Evan Parker: Solo
“ It's an absolutely untheoretical music but there are a lot of theories about the lack of theories. ”
As jazz has developed since its inception, it has always centered on individuals working with each other. Over time, the music unit has gotten smaller, from the big band era to the time of small combos and the modern era where solo performance has flourished. What was first only the province of the piano has come to include innovators on virtually every instrument. The saxophone, be it in the hands of Steve Lacy, Anthony Braxton or Roscoe Mitchell has proven itself a worthy contender. During an interview with English reedman Evan Parker, he makes the bold claim that "The limits seem only to come from the player, the player's imagination and the player's technique."
This month, the Metropolitan Museum of Art (as part of an annual concert series of over 50 events of classical, jazz and world music), will present Parker, one of the modern pioneers of the soprano saxophone, in solo performance. This will be in conjunction with the final stop of an exhibit tour of German photographer Thomas Struth. Parker's appearances in the US are special events, particularly in the context of a genre he helped create.
Evan Parker's career began in the fertile period of mid ‘60s London. Drummer, bandleader and free jazz übermensch John Stevens' Little Theatre Club played host to most of England's first free improvisation generation. Parker met Stevens, played in duo with him and later became a part of the legendary Spontaneous Music Ensemble group that at one time or another featured bassist Dave Holland, trumpeter/flugelhornist Kenny Wheeler and reedman Trevor Watts. Numerous associations developed over the period of 1966-1967, including groups with trombonist Paul Rutherford, guitarist Derek Bailey and bassist Barry Guy.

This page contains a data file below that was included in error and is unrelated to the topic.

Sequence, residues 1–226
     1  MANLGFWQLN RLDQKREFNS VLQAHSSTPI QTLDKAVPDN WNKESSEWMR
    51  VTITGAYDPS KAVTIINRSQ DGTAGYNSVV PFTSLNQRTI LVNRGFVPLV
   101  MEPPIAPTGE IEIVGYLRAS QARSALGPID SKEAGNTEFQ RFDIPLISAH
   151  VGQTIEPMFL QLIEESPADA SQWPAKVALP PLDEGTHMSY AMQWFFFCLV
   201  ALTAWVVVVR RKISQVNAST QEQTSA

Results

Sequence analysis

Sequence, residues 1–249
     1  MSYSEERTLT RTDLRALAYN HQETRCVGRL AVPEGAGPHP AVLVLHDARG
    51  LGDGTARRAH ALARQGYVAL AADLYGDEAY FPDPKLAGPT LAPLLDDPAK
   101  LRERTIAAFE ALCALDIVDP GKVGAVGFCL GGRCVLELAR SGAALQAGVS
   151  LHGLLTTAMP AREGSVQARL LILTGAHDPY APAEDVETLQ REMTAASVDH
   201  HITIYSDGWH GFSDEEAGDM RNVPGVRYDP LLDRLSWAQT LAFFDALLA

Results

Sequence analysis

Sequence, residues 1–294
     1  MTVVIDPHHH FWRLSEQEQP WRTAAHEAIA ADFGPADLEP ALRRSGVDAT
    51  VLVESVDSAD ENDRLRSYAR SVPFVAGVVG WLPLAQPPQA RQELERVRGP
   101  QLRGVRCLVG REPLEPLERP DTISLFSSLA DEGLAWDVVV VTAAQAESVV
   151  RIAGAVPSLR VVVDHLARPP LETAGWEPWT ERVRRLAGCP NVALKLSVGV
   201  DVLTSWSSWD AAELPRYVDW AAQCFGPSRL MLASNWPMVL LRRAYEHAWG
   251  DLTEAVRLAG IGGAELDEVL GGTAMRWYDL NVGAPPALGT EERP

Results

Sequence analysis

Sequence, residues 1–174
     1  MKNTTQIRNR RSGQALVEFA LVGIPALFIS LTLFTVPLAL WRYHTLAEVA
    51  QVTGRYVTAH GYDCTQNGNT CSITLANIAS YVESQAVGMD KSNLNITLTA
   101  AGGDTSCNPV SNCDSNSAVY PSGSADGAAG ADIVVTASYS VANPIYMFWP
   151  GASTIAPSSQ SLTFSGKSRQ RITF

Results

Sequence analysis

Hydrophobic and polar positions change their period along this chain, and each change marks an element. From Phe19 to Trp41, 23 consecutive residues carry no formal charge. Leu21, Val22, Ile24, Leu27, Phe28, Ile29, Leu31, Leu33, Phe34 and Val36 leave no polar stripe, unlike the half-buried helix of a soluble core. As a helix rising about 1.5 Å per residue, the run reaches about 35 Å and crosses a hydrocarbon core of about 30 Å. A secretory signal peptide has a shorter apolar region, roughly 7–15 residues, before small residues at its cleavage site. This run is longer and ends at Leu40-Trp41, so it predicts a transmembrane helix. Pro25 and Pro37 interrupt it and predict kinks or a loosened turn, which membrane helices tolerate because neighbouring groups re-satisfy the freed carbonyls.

It would be a few years later that Parker began his work in a solo context. "You know I was very keen on the distinction between improvisation and composition at that time, consequently I've come to realize it was a false kind of distinction, but for me the special problem was to distinguish between solo improvising and composing, precisely because it was one mind at work and none of those qualities of group improvisation. But subsequently I've come to think rather differently about the whole thing. I don't think it’s accurate to speak about an improvisation as something different from composition...it’s more accurate to speak of it as opposed to notated music.”
The groundwork for solo improvisation had already been laid and it was from previous examples that Parker would forge ahead. "You have to relate, make a coherent line for yourself. You can't just be bouncing ideas around with somebody else - you have to generate something which starts, develops and ends and there is specific challenge to that...the big attraction is you have all the space. Not only do you have all the responsibility but you have all the space, the acoustic space. And some things really come out of doing, certainly in my approach to solo playing from very specific response to the specific acoustics and specific resonances of a given space."
For all its history, most listeners have probably had little exposure to solo playing which, it must be stressed, is vastly different from playing solos. The musician is responsible for the structure that is already in place when a person plays a solo over a set of changes with a band accompaniment. Parker's solo work is dense and hard to fathom the first time one hears it. There seems to be so much going on. Parker explains: "I try to give them a sense of dialogue with myself anyway, you know the way I move lines around in the overtone structure against lines in the lower register of the instrument. There is still some sense of a dialogue in the music but it’s just one person speaking to himself. Solo improvising should be a good introduction for listeners who are not so familiar with players. It's a way to understand the approach of a given player that might feed through to the way they approach group playing."
It seems so logical that a person must adapt to playing in a group but, since most musicians play solo infrequently, the listener can only imagine the internal process. Though the average person can easily identify a Coltrane solo, to gain insight into what his own personality brought outside of the contributions of the rest of the group is near impossible.